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Don't Hit the Spikes Coding Marathon
Started by Ian Webster Jul 20 2014 12:22 PM

8 replies to this topic
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#1

Ian Webster

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After being stuck in the house with an ill child over the weekend, I set myself a challenge of seeing how quickly I could put together a "Spikes" style game.

 

36 hours later, we've hit release on Google Play, a real testament to the power of Corona!

 

https://play.google.com/store/apps/details?id=com.guardsheep.games.spikes

 

Attached File  SS1.jpg   34.08KB   1 downloadsAttached File  SS2.jpg   19.83KB   0 downloadsAttached File  SS3.jpg   44.55KB   0 downloads



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#2

Rob Miracle

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Congrats!



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#3

MAS1

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Did Spikes in 5 hours. Took me 8 hours for "Stay In The Line". Completed Timberman and uploaded to iTunes last Friday. Timberman took 16 hours. Started with Physics on Timberman and that was a bad start. Switched to transition.to() for the tree chop mechanic in the end.

 

Now the killer question is: Will Apple reject my cloned apps? They did reject my Flappy app "back in the day" as I was capitalizing on an existing name. Of course, the original Flappy was pulled and eventually my cloned Flappy was accepted.

 

We'll see what happens. Still, if any Corona devs are interested in purchasing Timberman, Don't Touch The Spikes or (soon to be completed No brakes - another physics challenge for the track!) please pm me.

 

MAS1



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Ian Webster

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Amazing how such a simple game can get so high in the charts, my version probably took around 8 hours development within the 36 hour window (including the minor graphics assets and sounds). I suspect this title may become the next "flappy bird" as far as the app stores are concerned!

 

After my last few clones (Emoji Guess, Everyone Dies and Don't Hit the Spikes) which were an exercise in bulking up the portfolio and testing the waters with selling the source code through Chupamobile and Sellfy, I'm looking to work on an original casual title next based on an idea I've had for a little while - watch this space!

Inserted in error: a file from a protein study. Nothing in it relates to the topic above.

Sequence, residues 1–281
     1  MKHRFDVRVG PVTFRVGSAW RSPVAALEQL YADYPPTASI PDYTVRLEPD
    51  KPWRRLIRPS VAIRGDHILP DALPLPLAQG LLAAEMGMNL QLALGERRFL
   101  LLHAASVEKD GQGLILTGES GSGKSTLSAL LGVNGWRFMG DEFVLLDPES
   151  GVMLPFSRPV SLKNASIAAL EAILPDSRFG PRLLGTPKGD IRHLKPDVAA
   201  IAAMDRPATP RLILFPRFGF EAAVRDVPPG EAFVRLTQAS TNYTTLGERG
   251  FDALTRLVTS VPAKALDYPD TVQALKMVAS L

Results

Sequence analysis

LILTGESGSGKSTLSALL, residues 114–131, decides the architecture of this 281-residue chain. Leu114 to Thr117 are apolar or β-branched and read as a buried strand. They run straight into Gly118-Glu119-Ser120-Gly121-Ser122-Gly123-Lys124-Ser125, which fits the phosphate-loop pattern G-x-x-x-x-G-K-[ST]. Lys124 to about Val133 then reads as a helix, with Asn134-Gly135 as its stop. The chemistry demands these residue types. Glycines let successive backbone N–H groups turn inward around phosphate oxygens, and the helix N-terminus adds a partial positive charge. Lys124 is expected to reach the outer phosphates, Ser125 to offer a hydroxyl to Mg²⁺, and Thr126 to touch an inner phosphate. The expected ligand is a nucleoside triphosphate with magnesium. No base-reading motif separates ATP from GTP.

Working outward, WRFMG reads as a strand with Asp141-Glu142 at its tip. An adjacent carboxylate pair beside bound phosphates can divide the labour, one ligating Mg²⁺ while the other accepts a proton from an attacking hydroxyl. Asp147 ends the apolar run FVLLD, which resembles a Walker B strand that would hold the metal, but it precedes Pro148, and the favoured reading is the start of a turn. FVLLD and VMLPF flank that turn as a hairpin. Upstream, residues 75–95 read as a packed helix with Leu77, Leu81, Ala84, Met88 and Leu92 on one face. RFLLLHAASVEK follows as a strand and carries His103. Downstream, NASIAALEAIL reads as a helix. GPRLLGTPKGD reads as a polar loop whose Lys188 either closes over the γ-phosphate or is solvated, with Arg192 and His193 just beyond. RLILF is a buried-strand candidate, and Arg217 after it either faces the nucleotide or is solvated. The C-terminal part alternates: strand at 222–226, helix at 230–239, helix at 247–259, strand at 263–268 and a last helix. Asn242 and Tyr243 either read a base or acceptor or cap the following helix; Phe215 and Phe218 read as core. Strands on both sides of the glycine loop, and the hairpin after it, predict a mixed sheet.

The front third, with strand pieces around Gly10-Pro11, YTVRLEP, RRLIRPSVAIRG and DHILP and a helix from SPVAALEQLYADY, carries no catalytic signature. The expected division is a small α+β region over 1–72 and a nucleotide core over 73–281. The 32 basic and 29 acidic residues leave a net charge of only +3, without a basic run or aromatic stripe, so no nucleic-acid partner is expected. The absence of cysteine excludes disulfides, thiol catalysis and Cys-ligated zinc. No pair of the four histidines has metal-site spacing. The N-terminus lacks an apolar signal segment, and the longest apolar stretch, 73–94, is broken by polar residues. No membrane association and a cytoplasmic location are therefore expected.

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#5

MisterK

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Really good job Ian Webster. Good to see that someone can create a clone of this with Corona SDK in such a short time. 
I have played Flappy Bird and the original Don't Touch The Spikes. People are amazed at the number of downloads aka popularity of these simple games. but rather than criticize them, i have been trying to analyze why they are so appealing. I really believe game devs could learn so much from them, rather than think 'oh! these are just stupid games for morons.'
Don't Touch The Spikes is beautifully designed, sheer minimalism and graphic constraint which just screams class. We have have skeuomorphism for so long. People enjoy simplicity of design and layout. The choice of fonts are just perfect too - something devs don't always pay attention to. The game mechanics are so damn simple and no long paragraphs of instructions are necessary. It's an international game understood by all. Yet it's fiendishly difficult. After dying, you get an instant try again - no pausing, no annoying screens and distractions. The background colours change as you advance through the challenge. The actual bird design is so simple, your kid could probably do it. Looks like someone from Fiverr was paid to do this Vector graphic.
Flappy Bird is similar in concept. But it's a naive pixel style which again, is so appealing at a time when hyper realism and 3D is all the rage.
Okay, i must be boring you all by now.
Good luck and try applying those aspects to your own unique game and start getting a few million downloads.



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#6

Gremlin Interactive

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After being stuck in the house with an ill child over the weekend, I set myself a challenge of seeing how quickly I could put together a "Spikes" style game.

36 hours later, we've hit release on Google Play, a real testament to the power of Corona!

https://play.google.com/store/apps/details?id=com.guardsheep.games.spikes

SS1.jpg SS2.jpg SS3.jpg


Nice game! I'm interested in how you got so many downloads on google play. I'm stuck on 7 for my game so far, a few weeks after releasing. And my game took months and months... The irony :)

My game: http://bit.ly/1qAcXvL

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#7

Ian Webster

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Nice game! I'm interested in how you got so many downloads on google play. I'm stuck on 7 for my game so far, a few weeks after releasing. And my game took months and months... The irony :)

My game: http://bit.ly/1qAcXvL